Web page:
If you look at the attendees at the Copyright Summit, they were predominately representatives from the major publishers, large independents, the major collection societies like HFA, ASCAP, BMI, SESAC and their international equivalents. By virtue of size and influence, these are the people who will be at the table when the decisions about the future of music publishing are made, and consequently, whatever new systems emerge will be designed primarily to serve these companies and organizations. Between the battles with the record labels, the digital music providers, the international licensing organizations and the governments of countries all over the world, it’s becoming more and more challenging for a lone songwriter/publisher to defend his or her rights, and also to actually collect the royalties that are due.

Having said that, I’m not telling anyone that they should give up their independence. But I am suggesting that songwriters and independent publishers are going to feel increasing pressure to find partnerships with larger entities, at least in the short term. We are living in a moment in which the rule-book is being drastically re-written. At least during that formative period, there are definite advantages to having one of the major players on your side. When you’re in a street fight, it’s good to have a big friend.

If your company is at the stage of earning consistent, measurable royalties, it may be time to consider striking at least an administration deal (an arrangement in which one publisher does not share the control of the copyright, but simply collects the income and distributes it, in exchange for a percentage fee) with a larger company or organization. Beyond the major publishers like EMI, SonyATV, Universal or Warner Chappell, there are numerous independent publishers that excel at these kinds of services. Check out:

Kobalt Music: www.kobaltmusic.com
Bug Music: www.bugmusic.com
Royalty Network: www.roynet.com
PEN Music: www.penmusic.com

You could also use a collection service like Harry Fox Agency, which is the largest collection organization for mechanical royalties in the US. Remember, these partnerships are not a matter of giving up any control over your copyrights. These partnerships are simply a means of issuing licenses and collecting your money. Just as importantly, they can offer some assurance that you will have a piece of the often haphazard payments being made by digital music companies or monies collected in lawsuits. At the very least, you need to become an active member of ASCAP, BMI, or SESAC, as well as trade groups like the NMPA. Now is not the time for going one on one. The challenge of getting paid requires some teamwork.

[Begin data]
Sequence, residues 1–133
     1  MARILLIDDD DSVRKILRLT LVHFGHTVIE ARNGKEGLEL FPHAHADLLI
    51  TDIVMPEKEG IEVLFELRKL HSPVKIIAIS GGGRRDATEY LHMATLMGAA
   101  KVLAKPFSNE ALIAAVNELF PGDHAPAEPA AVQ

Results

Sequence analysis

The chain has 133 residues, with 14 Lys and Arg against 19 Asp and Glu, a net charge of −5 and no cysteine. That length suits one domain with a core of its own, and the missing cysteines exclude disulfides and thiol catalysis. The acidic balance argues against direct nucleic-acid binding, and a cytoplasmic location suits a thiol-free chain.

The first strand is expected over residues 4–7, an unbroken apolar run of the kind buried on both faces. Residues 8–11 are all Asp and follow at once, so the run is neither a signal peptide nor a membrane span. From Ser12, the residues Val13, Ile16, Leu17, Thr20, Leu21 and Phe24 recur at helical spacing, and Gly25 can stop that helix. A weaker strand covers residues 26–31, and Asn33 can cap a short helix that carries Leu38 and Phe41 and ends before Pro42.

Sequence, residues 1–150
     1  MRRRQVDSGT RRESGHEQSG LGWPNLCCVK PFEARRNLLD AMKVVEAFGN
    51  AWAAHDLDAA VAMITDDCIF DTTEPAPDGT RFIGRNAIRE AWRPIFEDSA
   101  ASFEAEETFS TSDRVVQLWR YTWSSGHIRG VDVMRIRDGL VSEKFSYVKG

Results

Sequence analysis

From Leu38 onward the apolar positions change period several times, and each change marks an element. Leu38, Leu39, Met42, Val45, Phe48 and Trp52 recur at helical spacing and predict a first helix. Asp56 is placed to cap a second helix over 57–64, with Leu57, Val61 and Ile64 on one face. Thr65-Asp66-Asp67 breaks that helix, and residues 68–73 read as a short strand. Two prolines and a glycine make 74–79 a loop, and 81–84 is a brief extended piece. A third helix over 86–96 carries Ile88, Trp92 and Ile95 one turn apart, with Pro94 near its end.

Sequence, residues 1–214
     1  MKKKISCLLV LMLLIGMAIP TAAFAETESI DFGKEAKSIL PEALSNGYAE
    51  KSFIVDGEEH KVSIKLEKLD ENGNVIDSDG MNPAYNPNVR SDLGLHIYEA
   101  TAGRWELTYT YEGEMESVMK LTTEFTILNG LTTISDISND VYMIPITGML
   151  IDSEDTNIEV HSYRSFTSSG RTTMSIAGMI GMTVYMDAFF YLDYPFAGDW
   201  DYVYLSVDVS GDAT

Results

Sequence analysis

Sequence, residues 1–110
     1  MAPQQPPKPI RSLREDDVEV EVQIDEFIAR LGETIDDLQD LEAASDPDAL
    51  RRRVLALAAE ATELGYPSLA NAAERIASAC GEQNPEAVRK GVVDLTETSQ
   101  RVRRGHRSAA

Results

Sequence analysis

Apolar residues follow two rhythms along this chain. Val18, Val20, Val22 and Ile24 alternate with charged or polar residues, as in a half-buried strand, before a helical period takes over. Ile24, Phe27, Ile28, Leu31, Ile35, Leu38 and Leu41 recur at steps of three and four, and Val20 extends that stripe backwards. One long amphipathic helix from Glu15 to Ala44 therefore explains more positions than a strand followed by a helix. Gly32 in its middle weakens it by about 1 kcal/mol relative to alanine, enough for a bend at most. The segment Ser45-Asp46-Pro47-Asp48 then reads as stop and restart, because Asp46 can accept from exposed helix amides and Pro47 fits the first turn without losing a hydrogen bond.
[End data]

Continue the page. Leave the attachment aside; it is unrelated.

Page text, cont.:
http://www.harryfox.com

http://www.nmpa.org

If you want to learn more about administration deals and how they work, I’d encourage you to check out my online course, Music Publishing 101 at Berkleemusic.com. The whole course is focused on helping you to create your own independent publishing company. Nevertheless, there is also ample discussion of how to build an effective team to support you in your independent venture, and that includes organizations that can help you get paid. The new semester is starting soon– so check it out today…

Are you…

a songwriter and producer starting your own record company?
a singer-songwriter signing to an independent label?
a band negotiating its first major label record contract?
or a dj, manager, booking agent or club owner?

Whatever your role in the entertainment industry, you need to understand music publishing. Why? Because that’s where the money is.

In the online course, “Music Publishing 101” at Berkleemusic.com, aspiring songwriters, entrepreneurs, producers, and others can begin to understand the role that music publishing plays in their careers. Over the 12 weeks of the class, you’ll find all you need to know about how to make your music more marketable, license your songs, protect what you write, and collect the income you earn.